June 13, 2014
Horned Frogs Use Adhesive Tape-Like Tongues To Lift Three Times Their Own Bodyweight
redOrbit Staff & Wire Reports - Your Universe Online
The tongues of horned frogs are capable of lifting up to three times their own bodyweight, thanks to a biological mechanism comparable to adhesive tape, according to a new study published Thursday in the journal Scientific Reports.
In the wild, South American horned frogs (also known as the Pacman frog) have proven themselves capable of snatching whole mice, though the adhesive performance of their tongues and the mechanism of the contact formation with its prey were unknown. They also consume lizards, snakes, small birds and other frogs – all of which would normally be large enough to escape being swallowed without the special adhesive apparatus on the creatures’ tongues.
Dr. Kleinteich used four specimens obtained from local pet shops, explained Amanda Onion of Discovery News, but even those creatures demonstrated “incredible tongue power and speed,” with the forces from their tongues averaging more than the weight of the tongues themselves, and over three times bigger in the case of one younger frog.
Frog tongues produce an average of just 1/15 the adhesive strength of a gecko’s feet, the researcher told National Geographic’s Jennifer S. Holland, but “in terms of prey capture, frog tongue adhesive forces are enormous – on average 1.4 times their body weight.” That would be the equivalent of a 176-pound human lifting 246 pounds using only his or her tongue, and doing so within “milliseconds” of first making contact, she added.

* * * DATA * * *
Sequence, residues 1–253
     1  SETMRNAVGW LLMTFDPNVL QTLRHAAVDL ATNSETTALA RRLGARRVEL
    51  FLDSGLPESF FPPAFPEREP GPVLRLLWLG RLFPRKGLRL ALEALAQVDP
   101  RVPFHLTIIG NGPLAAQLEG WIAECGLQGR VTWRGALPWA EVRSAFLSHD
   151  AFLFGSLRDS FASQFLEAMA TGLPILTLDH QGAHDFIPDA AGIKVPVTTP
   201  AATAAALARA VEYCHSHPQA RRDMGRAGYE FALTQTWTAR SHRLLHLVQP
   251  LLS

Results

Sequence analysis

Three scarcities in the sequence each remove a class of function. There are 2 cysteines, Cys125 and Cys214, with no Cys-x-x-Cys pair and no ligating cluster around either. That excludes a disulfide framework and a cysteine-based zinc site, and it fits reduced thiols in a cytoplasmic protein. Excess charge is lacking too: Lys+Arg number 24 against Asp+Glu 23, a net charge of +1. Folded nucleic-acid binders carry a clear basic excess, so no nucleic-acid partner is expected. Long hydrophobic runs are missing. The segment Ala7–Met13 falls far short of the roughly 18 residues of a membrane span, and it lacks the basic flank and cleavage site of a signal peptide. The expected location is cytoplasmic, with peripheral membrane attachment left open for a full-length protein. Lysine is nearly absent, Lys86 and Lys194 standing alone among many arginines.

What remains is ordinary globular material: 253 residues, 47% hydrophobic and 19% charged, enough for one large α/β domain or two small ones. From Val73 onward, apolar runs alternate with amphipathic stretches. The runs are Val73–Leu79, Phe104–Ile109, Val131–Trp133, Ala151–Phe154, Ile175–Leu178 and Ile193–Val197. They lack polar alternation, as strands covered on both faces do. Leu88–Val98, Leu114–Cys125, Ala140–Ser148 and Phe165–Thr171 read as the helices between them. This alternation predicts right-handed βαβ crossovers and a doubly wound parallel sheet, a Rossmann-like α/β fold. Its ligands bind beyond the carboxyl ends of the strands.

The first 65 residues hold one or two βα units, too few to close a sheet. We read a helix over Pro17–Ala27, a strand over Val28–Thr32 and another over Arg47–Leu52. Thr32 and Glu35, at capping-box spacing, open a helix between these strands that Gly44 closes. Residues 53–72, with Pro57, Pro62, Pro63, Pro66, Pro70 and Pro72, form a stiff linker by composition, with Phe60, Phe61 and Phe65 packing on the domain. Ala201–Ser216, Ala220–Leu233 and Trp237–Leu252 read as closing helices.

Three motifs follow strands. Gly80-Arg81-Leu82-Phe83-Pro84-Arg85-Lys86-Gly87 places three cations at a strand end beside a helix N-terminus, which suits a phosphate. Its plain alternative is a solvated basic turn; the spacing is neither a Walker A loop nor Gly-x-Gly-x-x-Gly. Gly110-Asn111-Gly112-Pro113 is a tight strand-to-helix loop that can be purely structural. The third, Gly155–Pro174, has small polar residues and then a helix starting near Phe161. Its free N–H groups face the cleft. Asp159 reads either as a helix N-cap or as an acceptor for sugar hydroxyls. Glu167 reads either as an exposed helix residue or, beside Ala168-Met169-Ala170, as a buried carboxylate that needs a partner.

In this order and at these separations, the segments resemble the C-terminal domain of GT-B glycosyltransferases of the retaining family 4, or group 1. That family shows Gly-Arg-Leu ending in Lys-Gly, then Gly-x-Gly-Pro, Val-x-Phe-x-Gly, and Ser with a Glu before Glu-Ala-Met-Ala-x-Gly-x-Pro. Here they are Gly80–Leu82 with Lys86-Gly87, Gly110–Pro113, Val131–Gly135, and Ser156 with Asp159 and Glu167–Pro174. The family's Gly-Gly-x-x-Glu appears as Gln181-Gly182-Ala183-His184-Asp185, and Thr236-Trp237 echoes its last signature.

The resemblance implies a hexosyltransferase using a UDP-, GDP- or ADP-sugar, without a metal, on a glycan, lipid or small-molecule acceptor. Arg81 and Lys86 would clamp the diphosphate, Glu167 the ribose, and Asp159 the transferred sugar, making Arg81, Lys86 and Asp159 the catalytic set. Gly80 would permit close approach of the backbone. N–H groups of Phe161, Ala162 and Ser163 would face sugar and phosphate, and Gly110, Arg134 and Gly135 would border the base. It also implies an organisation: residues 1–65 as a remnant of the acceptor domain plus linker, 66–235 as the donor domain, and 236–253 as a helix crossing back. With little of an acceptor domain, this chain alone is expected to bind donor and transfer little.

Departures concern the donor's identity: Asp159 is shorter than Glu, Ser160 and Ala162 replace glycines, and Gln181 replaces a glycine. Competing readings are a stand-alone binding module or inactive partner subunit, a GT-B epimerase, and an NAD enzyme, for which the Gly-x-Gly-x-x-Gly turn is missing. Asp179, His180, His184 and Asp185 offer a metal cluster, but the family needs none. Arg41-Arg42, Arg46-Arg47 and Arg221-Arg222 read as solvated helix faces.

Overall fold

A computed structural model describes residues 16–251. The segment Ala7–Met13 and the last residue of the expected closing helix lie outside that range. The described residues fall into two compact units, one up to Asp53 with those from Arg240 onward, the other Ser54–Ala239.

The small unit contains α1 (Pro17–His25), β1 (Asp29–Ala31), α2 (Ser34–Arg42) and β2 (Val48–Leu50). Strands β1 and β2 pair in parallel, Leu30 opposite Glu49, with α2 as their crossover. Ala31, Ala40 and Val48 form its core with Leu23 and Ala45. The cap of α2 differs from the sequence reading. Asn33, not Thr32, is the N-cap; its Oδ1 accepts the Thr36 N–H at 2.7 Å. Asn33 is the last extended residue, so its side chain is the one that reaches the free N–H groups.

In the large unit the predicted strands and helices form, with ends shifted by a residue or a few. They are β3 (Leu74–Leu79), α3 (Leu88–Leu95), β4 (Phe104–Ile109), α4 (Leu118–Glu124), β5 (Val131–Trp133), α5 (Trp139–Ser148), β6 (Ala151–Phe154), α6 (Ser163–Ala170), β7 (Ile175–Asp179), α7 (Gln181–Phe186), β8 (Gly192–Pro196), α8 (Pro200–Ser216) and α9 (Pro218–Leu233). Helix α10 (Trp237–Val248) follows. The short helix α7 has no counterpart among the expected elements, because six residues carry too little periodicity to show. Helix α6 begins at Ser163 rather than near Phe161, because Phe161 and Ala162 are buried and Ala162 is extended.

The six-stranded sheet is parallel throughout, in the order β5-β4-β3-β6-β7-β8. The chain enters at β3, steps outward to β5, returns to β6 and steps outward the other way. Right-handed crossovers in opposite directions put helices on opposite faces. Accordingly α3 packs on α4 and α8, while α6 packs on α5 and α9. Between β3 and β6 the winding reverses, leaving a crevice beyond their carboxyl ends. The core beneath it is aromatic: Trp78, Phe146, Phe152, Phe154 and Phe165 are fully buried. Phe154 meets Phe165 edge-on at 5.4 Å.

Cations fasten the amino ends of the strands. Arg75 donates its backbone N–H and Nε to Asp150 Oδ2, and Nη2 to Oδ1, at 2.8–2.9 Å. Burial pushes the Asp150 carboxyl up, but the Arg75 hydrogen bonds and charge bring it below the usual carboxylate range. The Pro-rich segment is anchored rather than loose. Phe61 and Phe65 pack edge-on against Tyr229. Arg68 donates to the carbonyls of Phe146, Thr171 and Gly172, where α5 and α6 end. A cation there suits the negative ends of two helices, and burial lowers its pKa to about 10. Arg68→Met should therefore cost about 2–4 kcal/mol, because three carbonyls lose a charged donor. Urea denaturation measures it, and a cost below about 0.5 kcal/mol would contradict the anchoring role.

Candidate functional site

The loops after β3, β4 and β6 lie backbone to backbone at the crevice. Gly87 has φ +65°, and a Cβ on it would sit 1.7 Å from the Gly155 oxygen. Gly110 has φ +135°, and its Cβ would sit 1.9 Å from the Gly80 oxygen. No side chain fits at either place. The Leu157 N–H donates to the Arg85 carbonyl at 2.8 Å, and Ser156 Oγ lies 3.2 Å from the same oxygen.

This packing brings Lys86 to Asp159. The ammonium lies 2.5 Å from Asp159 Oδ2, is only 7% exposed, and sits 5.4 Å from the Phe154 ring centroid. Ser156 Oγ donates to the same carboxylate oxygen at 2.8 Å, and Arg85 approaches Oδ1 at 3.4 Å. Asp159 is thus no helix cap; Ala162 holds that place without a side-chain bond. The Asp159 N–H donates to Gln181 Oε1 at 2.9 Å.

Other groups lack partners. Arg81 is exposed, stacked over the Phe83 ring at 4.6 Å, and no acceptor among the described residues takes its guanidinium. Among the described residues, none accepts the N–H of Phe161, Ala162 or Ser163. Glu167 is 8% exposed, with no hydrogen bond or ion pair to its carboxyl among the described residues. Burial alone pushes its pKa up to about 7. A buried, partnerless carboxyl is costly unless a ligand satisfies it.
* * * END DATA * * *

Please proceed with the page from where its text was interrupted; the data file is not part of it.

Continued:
After each of the experiments, Dr. Kleinteich and his colleagues removed the equipment and allowed them to consume the cricket, ensuring that the creatures would be satisfied and able to continue participating. A total of 20 measurements were collected from each frog, with scientists analyzing tongue prints left behind on each glass slide, said BBC News science reporter Jonathan Webb.
“It's the first time we've ever measured how well frog tongues stick,” Dr. Kleinteich told Webb. “The common belief is... that the mucus acts as some sort of superglue. But what we found was actually that we got higher adhesive forces in trials where we found less mucus. That was quite interesting.”
The mucus appeared to accumulate over time, the BBC News writer noted, but the study authors found mucus coverage tended to be on the low side during initial contact. While they said that the mucus is certainly a wet adhesive system and plays a role in the phenomenon, it does not act like superglue. The key is the combination of structure and the mucus, which is what led the researchers to make the adhesive tape comparisons.
Dr. Kleinteich and his team will now use microscopes as part of an in-depth examination of the surface of the horned frogs’ tongue, Webb said. The researcher should have few complaints about doing so, as he told BBC News that working on the experiments was “fun… I used to do a lot of morphological, descriptive work with amphibians - I used to study dead, museum specimens. For me it was quite exciting to work with the living frogs.”